Nagrastar says NDS had an obvious motive for these antics: Their own chip, the so-called P1 or "F Card, " had already been thoroughly cracked by pirates, and the company wanted to level the playing field with its competitors.

NDS denied the allegations at trial. The company declined to comment for this article or to confirm details of Tarnovsky's employment other than to say it was pleased that the verdict "ended in a resounding affirmation of NDS and its business ethics and proper conduct."

Tarnovsky began his pirating career in the '90s while serving in the U.S. Army. He had a top-secret SCI security clearance working on cryptographic computers in Belgium for NATO headquarters, and spent a year at Ft. Detrick in Maryland providing support to the National Security Agency for satellite transmissions to Europe.

In 1996, he was stationed in Germany when his colonel sold him a used satellite-TV system, along with two pirated access cards, neither of which worked. Tarnovsky began posting on online pirate forums, and developed contacts in the community, ultimately learning how to fix the cards to access English-language programs from Sky in the United Kingdom.

After leaving the Army and returning to the States, he got a call from Ron Ereiser, a Canadian pirate who'd heard about him through the grapevine. Pirates had found a back door in the P1 card and were vigorously exploiting it to get DirecTV content. But the cards kept failing. In a game of pirate pingpong, DirecTV periodically deployed electronic countermeasures, or ECMs, in the satellite stream that killed the cards in their set-top boxes. Ereiser needed someone to fix the cards.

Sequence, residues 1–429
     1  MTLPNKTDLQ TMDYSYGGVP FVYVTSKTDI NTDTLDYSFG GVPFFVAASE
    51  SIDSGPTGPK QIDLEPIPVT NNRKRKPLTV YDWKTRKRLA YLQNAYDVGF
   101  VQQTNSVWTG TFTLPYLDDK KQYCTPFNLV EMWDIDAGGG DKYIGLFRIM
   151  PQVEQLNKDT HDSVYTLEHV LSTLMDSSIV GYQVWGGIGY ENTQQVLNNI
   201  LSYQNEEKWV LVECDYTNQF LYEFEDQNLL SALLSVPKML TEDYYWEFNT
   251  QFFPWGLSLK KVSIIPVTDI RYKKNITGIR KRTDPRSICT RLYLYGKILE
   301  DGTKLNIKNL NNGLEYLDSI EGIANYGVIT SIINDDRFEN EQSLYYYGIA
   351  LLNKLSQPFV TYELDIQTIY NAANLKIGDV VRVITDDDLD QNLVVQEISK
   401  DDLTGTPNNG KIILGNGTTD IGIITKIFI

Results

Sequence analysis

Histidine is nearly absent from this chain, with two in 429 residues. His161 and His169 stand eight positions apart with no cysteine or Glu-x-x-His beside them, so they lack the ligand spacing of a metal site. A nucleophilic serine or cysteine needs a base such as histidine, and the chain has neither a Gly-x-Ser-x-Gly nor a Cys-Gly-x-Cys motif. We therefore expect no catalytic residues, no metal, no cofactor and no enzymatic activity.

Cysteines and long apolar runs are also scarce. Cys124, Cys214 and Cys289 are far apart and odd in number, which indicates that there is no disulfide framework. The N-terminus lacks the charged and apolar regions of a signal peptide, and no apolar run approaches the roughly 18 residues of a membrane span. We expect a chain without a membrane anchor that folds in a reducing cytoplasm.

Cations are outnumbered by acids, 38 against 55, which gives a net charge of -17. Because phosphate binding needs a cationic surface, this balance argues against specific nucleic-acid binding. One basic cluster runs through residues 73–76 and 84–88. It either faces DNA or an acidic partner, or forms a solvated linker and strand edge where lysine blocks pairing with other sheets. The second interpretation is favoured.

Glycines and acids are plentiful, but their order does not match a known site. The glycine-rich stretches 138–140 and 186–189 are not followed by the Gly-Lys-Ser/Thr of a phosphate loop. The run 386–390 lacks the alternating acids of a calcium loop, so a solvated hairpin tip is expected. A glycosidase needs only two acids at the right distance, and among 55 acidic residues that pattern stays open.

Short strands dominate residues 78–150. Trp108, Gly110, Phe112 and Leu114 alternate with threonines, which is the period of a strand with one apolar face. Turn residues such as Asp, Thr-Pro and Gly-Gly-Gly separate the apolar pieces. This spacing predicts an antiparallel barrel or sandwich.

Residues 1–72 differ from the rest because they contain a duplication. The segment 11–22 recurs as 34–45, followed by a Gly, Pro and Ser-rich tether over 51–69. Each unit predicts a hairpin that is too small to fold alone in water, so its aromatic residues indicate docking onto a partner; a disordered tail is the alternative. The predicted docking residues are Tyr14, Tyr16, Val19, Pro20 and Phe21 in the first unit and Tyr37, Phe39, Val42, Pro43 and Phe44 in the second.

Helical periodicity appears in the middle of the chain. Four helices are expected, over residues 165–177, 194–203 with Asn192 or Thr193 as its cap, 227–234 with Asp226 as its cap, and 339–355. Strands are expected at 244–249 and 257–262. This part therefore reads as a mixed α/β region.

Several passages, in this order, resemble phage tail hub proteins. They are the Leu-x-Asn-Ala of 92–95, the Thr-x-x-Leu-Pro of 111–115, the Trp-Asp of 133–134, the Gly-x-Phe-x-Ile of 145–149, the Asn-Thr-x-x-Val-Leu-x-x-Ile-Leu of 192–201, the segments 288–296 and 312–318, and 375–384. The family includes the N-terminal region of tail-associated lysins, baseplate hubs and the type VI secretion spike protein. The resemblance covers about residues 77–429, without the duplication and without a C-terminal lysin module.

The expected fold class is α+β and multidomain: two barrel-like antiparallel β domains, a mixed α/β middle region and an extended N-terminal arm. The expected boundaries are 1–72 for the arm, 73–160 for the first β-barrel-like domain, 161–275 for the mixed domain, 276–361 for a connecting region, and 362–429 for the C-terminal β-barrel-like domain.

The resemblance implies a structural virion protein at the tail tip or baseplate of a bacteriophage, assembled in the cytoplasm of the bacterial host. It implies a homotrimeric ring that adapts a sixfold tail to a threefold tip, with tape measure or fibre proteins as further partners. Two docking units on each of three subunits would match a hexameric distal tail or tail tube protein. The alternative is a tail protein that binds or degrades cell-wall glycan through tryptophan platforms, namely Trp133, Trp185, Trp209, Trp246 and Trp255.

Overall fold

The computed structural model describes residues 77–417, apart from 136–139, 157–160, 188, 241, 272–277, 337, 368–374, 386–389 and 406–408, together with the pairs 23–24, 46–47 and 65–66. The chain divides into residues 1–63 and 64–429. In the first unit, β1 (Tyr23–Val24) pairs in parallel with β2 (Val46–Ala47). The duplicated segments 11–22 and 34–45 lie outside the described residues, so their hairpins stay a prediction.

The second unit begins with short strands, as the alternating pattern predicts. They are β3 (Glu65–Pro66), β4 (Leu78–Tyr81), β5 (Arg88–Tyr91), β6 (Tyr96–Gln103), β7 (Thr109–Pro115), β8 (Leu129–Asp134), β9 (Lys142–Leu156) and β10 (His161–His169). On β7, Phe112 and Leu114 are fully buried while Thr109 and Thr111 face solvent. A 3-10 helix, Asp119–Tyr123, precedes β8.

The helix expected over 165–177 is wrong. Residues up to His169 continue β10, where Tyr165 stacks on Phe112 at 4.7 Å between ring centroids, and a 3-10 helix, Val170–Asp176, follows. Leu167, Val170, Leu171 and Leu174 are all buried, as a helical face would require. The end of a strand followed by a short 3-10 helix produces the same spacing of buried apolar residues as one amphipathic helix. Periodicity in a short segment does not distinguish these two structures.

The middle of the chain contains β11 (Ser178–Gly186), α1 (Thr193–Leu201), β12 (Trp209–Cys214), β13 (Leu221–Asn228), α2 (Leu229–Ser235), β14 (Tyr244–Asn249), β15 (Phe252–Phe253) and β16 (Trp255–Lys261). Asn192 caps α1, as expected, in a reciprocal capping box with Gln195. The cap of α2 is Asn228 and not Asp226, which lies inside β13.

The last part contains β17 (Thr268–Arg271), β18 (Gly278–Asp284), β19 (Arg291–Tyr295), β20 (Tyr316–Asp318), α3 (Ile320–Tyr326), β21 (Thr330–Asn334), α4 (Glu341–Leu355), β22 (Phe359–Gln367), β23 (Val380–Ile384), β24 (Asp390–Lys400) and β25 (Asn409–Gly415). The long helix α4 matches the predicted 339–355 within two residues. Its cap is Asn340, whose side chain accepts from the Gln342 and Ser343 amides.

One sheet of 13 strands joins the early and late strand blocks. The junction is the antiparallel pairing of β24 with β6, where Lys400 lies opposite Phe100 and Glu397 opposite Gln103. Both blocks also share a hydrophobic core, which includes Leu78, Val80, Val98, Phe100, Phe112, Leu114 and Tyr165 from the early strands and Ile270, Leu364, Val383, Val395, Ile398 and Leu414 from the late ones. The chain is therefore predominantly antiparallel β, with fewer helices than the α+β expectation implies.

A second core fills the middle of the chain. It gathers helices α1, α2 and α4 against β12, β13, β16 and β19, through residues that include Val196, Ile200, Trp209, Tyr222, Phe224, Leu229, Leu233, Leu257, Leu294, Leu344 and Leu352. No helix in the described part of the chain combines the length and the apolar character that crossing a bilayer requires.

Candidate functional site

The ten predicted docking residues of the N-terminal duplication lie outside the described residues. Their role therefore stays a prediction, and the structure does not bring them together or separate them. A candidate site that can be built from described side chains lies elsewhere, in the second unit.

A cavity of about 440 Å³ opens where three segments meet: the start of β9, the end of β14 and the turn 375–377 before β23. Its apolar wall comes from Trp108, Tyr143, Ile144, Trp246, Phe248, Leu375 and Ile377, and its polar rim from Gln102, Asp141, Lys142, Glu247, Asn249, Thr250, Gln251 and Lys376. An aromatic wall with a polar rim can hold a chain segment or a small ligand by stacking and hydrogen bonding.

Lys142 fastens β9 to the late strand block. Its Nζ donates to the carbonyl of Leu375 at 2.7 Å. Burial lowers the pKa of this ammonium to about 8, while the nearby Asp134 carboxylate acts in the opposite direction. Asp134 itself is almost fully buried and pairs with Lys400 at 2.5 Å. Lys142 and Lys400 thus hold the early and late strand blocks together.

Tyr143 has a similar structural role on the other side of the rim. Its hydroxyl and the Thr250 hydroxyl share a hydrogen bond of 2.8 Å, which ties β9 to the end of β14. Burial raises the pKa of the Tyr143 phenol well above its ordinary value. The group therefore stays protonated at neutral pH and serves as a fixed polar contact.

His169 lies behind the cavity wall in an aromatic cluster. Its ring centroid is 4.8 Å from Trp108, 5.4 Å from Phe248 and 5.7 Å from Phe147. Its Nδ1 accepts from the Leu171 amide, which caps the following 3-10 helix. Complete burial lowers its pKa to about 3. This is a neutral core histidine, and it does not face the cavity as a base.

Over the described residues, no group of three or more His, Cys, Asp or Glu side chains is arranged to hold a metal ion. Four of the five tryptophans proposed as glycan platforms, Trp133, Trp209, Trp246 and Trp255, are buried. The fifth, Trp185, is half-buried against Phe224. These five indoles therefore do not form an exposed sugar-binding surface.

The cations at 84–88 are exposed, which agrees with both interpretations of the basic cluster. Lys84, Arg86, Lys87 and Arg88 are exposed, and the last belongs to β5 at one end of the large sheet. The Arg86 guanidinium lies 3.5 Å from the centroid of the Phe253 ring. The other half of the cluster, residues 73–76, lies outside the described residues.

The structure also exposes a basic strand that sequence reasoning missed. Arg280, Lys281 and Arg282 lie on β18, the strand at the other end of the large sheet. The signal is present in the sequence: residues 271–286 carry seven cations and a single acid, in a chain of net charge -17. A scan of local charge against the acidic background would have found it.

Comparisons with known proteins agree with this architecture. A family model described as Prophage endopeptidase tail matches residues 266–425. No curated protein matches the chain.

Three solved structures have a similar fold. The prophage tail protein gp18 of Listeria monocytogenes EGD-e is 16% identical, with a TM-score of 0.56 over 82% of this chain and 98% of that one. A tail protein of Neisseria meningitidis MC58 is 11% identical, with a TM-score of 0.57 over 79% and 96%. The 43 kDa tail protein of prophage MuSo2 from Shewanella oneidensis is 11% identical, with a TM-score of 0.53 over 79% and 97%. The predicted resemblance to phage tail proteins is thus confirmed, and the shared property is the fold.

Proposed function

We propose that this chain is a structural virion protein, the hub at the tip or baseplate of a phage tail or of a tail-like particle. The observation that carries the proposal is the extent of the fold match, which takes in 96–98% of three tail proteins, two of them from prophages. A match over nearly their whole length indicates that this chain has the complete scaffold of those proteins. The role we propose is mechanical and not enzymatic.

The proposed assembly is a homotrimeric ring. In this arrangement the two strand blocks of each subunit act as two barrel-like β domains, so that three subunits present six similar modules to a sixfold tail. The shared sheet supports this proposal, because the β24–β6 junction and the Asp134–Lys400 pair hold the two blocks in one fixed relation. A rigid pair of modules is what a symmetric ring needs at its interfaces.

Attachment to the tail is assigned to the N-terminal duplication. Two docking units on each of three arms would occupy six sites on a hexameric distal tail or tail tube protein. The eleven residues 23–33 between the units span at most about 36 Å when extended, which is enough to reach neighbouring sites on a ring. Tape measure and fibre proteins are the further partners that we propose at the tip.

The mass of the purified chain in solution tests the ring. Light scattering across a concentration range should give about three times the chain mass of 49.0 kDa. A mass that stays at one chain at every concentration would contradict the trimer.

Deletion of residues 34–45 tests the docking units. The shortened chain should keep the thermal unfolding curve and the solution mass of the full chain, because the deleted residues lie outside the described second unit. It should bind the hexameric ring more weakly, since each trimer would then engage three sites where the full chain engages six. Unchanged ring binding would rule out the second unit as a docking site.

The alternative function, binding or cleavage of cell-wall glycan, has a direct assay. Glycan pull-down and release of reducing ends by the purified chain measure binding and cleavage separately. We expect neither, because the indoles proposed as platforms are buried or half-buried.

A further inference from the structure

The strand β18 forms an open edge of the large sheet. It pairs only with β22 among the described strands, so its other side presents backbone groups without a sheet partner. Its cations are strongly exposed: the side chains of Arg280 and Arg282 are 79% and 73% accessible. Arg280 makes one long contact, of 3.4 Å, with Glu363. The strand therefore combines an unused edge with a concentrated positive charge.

There was serious black-market money on the line. In Canada, where pirating of U.S. satellite services wasn't considered illegal until 2002, syndicates of dealers did enough business that they could afford to chip in about $50, 000 to hire a programmer to reverse engineer the latest cards. Pirate cards would sell for about $200 each, with the profit split between the investors and engineers. Tarnovsky claims Canadian pirate dealers could make $400, 000 in a weekend; when Reginald Scullion, a notorious pirate in Canada, was raided in 1998, authorities seized $5.5 million from his bank accounts and safe-deposit boxes, though not all of it was from piracy.

Ereiser, who now works as a consultant to Nagrastar, concedes that the money from piracy was good, but insists that nobody became an overnight millionaire. "It was lucrative, " he said in a telephone interview. "But to suggest that millions were being made in a month is an absolute crock."

DirecTV's countermeasures were a nagging drag on this lucrative trade. Every time an ECM was deployed, Ereiser and other dealers would be harangued by customers demanding to have the cards fixed and their TV programs restored.

Tarnovsky, who was known online as "Big Gun, " says Ereiser offered him $20, 000 to fix cards that were killed by ECMs, and he agreed. Each time NDS created a countermeasure, Tarnovsky would analyze the code and find a way to circumvent the countermeasure. He did it while working full-time as a software engineer for a semiconductor company in Massachusetts.

"I'd be at work and I'd check the IRC (channel) to see if they'd launched their Thursday countermeasure yet, " he says. "It was like a chess game for me. I couldn't wait for them to do a countermeasure because I would counter it in minutes."

Tarnovsky suffers from attention deficit hyperactivity disorder, which he says helped with the detailed work.